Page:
In 2009, Buffett made an "all-in wager on the economic future of the United States" and acquired Burlington Northern Santa Fe Railway for $44 billion in a deal some have described as "pure genius."

Buffett's companies provide key services or products to the real economy.

Buffett has called Bitcoin "rat poison squared" and said he believes the crytocurrency's value is based solely on the belief that someone in the future will buy it for more than current investors paid to acquire it.

Deane does not buy Buffett's argument.

Bitcoin
Bitcoins on top of U.S. dollars are seen in this illustration picture, November 6, 2017. REUTERS/Dado Ruvic/Illustration

"The dollar, for example, has no direct backing, and effectively operates on the same belief system of all other currencies," Deane said. ""However, it is often cited that the might of the American military is all the backing it needs—something that is visible, yet intangible."

But he argues there is a higher power even than the U.S. military backing Bitcoin: Mathematics.

"Bitcoin is backed by the certainty of maths, and every day that goes past, the security of the network grows in known, linear fashion," Deane said. "In other words, as long as the rules of mathematics agree that 2 plus 2 equals 4, Bitcoin will always function perfectly and independently of human control. This, many argue, creates certainty of value in a way that can't be reproduced with any other asset."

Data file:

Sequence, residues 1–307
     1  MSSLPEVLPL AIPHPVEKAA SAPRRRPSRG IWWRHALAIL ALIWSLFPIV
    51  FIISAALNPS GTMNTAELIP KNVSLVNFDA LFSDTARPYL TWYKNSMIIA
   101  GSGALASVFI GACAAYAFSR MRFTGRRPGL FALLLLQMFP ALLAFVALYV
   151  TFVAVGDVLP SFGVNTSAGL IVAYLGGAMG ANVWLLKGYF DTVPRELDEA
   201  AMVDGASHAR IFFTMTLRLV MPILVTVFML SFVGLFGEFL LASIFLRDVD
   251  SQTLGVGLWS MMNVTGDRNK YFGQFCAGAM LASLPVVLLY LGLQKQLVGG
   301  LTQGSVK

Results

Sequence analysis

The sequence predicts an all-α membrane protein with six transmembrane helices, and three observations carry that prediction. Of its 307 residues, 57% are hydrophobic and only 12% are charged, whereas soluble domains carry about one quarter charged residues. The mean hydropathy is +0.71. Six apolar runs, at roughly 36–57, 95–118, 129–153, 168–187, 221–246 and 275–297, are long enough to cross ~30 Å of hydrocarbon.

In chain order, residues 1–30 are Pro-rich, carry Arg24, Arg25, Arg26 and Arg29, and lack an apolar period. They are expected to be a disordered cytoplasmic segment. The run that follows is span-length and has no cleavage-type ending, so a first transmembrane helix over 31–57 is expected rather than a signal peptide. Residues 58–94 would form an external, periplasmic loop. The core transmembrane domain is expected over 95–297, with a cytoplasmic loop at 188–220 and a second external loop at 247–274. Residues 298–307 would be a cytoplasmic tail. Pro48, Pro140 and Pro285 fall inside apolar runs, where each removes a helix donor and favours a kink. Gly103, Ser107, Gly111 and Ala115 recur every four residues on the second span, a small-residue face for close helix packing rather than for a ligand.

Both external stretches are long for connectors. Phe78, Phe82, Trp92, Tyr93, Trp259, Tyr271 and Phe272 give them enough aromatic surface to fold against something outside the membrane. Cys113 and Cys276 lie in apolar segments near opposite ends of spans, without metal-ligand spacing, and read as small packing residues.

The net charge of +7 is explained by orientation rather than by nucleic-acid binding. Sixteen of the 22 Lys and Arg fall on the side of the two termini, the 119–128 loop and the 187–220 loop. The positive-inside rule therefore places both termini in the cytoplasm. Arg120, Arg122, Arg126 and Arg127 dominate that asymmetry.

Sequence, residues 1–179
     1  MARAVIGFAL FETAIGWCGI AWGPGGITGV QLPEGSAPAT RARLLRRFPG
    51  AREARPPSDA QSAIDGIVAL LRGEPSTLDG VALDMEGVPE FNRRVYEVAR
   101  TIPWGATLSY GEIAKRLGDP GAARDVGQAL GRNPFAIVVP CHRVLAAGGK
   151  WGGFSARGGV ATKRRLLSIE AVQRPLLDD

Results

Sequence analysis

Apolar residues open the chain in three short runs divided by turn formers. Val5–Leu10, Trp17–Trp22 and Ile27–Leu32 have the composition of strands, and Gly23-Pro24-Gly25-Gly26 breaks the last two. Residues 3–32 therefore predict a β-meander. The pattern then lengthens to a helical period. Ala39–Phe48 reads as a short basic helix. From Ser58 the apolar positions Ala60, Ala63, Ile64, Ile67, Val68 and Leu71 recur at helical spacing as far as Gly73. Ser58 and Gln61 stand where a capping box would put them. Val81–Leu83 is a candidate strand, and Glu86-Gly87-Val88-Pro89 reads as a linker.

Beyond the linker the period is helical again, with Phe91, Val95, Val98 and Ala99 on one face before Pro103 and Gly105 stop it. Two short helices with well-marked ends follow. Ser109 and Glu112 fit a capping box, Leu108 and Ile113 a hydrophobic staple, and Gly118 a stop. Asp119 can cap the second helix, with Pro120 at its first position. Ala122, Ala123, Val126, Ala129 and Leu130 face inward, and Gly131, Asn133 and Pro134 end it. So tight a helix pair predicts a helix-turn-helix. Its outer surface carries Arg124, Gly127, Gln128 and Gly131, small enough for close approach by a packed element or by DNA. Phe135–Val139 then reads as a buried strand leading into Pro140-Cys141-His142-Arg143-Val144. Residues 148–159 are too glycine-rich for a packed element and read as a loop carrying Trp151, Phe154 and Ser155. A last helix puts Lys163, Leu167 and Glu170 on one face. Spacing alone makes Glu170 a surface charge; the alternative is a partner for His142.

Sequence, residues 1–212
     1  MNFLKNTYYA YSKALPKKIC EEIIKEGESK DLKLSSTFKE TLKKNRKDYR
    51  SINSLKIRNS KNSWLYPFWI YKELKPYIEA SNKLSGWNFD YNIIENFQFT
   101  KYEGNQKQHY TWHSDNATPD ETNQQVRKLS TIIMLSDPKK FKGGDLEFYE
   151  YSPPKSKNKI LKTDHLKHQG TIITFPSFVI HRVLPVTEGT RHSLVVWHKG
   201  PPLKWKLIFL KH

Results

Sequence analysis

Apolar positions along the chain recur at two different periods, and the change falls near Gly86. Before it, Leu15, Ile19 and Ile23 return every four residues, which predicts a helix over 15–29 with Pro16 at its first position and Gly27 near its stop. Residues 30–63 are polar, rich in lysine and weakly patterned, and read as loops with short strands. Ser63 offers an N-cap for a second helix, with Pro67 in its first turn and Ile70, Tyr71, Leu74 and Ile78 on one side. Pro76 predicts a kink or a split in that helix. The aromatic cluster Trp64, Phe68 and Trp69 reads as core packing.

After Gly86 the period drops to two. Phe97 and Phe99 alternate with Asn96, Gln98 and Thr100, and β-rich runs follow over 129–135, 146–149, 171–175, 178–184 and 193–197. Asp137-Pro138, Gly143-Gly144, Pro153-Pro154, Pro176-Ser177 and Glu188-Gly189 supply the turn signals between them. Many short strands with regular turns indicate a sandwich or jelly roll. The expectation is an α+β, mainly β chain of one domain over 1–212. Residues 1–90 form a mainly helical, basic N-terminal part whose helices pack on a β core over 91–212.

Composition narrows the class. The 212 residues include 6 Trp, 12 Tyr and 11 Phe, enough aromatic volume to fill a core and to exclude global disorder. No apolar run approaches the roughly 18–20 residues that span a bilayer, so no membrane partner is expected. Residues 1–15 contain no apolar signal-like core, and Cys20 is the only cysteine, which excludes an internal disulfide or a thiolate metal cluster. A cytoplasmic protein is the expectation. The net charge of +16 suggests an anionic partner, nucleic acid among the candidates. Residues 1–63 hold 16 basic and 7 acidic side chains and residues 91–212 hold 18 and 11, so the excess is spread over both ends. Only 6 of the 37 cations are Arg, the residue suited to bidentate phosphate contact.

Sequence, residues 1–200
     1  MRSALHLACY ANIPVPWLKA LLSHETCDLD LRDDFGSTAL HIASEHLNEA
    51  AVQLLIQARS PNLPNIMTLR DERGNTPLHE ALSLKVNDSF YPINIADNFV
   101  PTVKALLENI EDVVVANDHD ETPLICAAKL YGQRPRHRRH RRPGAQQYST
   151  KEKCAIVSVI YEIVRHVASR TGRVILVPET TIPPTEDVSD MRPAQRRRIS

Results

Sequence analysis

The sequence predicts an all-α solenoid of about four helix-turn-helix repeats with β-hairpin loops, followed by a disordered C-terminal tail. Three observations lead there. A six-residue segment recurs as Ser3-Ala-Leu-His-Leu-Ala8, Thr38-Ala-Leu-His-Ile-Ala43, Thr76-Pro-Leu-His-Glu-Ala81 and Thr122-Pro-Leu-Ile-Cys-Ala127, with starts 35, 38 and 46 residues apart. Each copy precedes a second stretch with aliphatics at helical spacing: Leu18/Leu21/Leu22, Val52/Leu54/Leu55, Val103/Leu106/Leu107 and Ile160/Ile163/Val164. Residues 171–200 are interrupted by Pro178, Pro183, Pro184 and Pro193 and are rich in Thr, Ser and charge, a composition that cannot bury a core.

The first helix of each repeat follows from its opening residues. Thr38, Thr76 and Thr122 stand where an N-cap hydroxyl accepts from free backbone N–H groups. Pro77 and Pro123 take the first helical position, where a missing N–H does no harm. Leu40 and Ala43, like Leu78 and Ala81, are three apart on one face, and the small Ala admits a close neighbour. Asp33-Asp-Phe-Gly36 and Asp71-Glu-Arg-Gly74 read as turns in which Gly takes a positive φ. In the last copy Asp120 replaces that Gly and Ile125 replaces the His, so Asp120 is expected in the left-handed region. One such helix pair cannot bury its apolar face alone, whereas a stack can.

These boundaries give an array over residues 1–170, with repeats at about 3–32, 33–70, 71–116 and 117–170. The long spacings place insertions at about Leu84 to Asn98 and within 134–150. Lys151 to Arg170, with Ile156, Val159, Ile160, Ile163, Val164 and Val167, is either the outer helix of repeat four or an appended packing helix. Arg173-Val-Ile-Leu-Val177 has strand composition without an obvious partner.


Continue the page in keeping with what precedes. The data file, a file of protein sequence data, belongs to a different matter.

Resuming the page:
Market Pulse

U.S. crude oil prices, an indicator of future economic activity, have rebounded strongly since briefly turning negative in April 2020 during the worst of the economic shutdown intended to curb spread of COVID-19.

Investors are betting that demand will grow as more people are vaccinated against the coronavirus and the economy rebounds. Unemployment continues to decline and U.S. consumer sentiment strengthens. The latest round of stimulus checks are being distributed to those who earn less than $75,000.

Saudi Crown Prince Mohammed bin Salman
Saudi Crown Prince Mohammed bin Salman ALEXANDER ZEMLIANICHENKO/POOL/AFP via Getty Images

But crude oil supply may decline as demand for refined products increases.

The Biden Administration has frozen new oil and gas leases on federal land and revoked a permit for the Keystone XL pipeline. Those actions are likely to tighten supply, and may drive prices at the pump higher.

Last year, the Organization of Petroleum Exporting Countries cut production as demand plummeted during the lockdown. The cartel has agreed to extend most production cuts into April.

In a recent report, OPEC said demand for fuel will increase in the second half of 2021 as "economic activity is expected to accelerate as the impact of the pandemic is expected to taper off."

In mid-day trading Monday, West Texas Intermediate Crude, the U.S. benchmark, traded at $64.88 a barrel. Brent Crude, the guide for world prices, fetched $68.48 a barrel, up about 80% since late October.

A barrel contains 42 gallons.